Pataki: science has shown that vaccinations work
NEWPORT - George Pataki says "I thought the issue of vaccinations was settled by George Washington at Valley Forge when he vaccinated the troops against smallpox about 240 years ago."
The former New York governor and all-but-certain 2016 Republican presidential contender Tuesday weighed in on the vaccination debate, which has spilled over into the race for the White House.
And Pataki, who was talking to local Republican activists at a pizza restaurant in downtown Newport, said he could compete for the nomination against someone like former Florida Jeb Bush, who's expected to raise big bucks, by running the New Hampshire way and emphasizing retail politics.
Pataki's visit to the Granite State comes as the Centers for Disease Control and Prevention reports more than 100 confirmed cases of measles in 14 states from coast to coast. Thanks to the outbreak and President Barack Obama's comments on Monday in urging parents to vaccinate their kids, a bunch of the potential GOP White House contenders are clashing over the need for strict vaccination policies.
Pataki told NH1 that "quite simply I think science has shown that vaccinations work. And to me what is really dangerous is when a parent doesn't get their child vaccinated, a young infant who can't be vaccinated could catch the disease. Sadly we had 50,000 whooping cough cases last year, including 20 deaths, so I think vaccination is very important and certainly appropriate that we encourage in the strongest possible terms people to make sure their children are immunized."
Pataki to emphasize retail politics
Pataki, who flirted with White House runs in the 2008 and 2012 cycles, was back in New Hampshire twice last year. His current two-day swing is his second trip to the first-in-the-nation primary state so far this year. He kicked off this latest visit with a "meet and greet" at the Lebanon Diner in Lebanon. After his stop at Village Pizza in Newport, he was headed to Keene, to headline a meeting of the Cheshire County Republican Committee at Kristin's Bakery. He was also set to meet with Julianna Bergeron, one of New Hampshire's two members to the Republican National Committee.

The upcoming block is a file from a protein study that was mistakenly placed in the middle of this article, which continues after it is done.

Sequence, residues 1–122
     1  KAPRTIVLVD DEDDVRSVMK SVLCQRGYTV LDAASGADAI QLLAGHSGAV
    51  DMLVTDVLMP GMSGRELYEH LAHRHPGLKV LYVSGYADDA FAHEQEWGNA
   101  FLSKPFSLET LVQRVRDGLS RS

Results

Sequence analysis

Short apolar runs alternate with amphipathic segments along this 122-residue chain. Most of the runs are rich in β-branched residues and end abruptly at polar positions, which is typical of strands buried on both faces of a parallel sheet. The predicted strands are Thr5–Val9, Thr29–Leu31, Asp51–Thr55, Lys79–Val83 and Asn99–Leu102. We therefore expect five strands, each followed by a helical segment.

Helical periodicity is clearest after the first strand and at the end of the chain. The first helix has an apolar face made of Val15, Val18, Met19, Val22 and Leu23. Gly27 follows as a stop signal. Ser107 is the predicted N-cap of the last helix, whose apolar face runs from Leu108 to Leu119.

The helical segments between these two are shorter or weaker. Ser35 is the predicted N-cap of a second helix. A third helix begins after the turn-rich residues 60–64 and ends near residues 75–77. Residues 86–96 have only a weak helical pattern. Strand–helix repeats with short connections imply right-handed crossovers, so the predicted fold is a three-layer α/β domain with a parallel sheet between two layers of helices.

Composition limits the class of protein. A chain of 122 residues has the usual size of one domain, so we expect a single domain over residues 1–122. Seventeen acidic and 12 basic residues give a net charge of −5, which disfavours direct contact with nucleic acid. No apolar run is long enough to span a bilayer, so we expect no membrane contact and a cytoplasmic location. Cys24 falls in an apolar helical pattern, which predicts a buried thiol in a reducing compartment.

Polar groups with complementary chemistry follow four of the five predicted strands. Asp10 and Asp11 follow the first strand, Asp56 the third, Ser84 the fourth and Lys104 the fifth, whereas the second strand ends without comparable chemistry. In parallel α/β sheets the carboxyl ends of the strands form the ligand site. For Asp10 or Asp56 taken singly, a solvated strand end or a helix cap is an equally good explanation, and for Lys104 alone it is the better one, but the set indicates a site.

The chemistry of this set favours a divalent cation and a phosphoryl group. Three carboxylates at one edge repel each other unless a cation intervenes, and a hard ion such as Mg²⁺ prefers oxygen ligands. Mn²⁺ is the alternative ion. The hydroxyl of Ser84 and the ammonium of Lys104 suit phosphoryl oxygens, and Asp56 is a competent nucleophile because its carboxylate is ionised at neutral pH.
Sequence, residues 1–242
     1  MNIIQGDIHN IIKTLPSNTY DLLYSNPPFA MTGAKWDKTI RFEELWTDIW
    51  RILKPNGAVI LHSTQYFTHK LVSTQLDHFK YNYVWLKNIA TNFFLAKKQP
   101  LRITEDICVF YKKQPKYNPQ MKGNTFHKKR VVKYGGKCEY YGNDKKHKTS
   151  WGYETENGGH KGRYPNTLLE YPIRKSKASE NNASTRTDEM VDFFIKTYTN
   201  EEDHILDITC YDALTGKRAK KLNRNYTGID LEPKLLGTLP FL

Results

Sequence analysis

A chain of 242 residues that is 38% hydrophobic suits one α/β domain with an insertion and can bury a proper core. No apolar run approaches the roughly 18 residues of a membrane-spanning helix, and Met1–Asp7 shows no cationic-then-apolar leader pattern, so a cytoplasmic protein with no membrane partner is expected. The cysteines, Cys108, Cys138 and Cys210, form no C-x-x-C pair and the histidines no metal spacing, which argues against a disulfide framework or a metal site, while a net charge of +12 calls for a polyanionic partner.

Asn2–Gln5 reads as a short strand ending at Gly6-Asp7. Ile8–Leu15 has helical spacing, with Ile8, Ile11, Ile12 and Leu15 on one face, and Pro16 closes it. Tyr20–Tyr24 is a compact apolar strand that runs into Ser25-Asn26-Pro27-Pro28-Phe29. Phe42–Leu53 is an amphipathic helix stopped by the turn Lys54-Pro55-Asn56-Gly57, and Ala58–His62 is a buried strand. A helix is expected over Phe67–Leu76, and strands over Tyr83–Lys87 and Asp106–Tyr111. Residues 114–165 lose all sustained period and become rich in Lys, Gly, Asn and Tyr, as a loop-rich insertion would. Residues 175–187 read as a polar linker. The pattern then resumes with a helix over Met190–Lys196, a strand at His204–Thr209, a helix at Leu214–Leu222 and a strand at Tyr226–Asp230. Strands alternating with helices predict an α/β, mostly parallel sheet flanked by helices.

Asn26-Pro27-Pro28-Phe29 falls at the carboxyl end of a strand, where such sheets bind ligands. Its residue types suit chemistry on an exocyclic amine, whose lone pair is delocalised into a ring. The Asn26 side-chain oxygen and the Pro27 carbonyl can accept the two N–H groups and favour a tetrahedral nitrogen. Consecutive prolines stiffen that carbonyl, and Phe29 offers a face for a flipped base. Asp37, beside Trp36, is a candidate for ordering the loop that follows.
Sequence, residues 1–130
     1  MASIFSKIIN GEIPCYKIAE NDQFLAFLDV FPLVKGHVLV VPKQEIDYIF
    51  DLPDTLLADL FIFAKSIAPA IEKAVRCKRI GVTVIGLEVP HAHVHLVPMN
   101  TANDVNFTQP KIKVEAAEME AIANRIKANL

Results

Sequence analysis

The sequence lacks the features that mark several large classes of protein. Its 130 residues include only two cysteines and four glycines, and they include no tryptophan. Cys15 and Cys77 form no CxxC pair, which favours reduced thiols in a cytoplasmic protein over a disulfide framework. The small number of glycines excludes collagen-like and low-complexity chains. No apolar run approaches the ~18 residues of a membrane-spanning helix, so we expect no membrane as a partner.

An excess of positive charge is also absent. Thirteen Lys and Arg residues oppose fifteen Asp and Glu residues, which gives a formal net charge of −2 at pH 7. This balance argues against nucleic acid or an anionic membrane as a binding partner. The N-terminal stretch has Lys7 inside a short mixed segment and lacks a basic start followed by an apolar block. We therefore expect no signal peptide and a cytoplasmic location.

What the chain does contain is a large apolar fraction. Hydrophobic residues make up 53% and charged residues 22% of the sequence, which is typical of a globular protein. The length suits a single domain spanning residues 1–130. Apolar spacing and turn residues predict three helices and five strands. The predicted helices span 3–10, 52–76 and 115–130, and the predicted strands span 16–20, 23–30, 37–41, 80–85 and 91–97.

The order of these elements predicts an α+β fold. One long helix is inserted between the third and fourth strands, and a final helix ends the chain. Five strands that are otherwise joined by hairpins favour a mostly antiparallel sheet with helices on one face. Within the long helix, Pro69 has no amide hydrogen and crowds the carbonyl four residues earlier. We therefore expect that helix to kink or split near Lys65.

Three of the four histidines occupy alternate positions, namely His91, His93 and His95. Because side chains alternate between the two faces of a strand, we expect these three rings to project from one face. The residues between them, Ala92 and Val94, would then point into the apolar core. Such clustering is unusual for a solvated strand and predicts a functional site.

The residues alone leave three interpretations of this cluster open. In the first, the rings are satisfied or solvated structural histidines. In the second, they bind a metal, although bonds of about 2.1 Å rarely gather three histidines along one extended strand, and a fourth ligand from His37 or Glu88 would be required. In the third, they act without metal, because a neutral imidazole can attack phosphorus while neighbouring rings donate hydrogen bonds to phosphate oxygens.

On Wednesday, Pataki's scheduled to stop by the Quality Cash Market in Concord before speaking with students at St. Anselm College in Goffstown about global security challenges since the 9/11 terrorist attacks.
In an interview with NH1 in Newport, Pataki said "I don't have a timetable but I'm very strongly inclined. I think the conditions globally and the out of control spending and borrowing and power in Washington are really as bad as I've seen them over decades and if you really believe in your ability to lead and in your philosophy of government, when the times are the most difficult is when you feel the most compelled to try to lead, so I'll be back."
With a field that will most likely include Bush, New Jersey Gov. Chris Christie, Sen. Rand Paul of Kentucky, and some other big names in the party, the former three-term governor who's been out of office since early 2007 will be considered a longshot. But he says he can compete the old fashioned way.
"One of the things I enjoy about New Hampshire is the retail politics. I'm here at a pizza place in Newport, just sitting down with six, seven, eight people, to talk to them directly about their views and my views," Pataki said. "I think that's how you overcome massive amounts of money being spent in campaigns. Any candidate can have a pollster write them a 30 second TV spot but New Hampshire is where I think you really get to know people, talk to them, and they can directly ask you what they want, and I think that's a tremendous opportunity."
Pataki's visit also comes one day after Sheldon Silver stepped down as New York State Assembly Speaker, after holding the post for more than two decades. Silver was forced to resign from his powerful leadership position following his recent arrest on five federal corruption charges.
Sheldon was speaker during Pataki's years as New York State governor. Asked if he had any knowledge of Silver's alleged illegal activities, Pataki said "no I didn't know any of the specifics of what happened."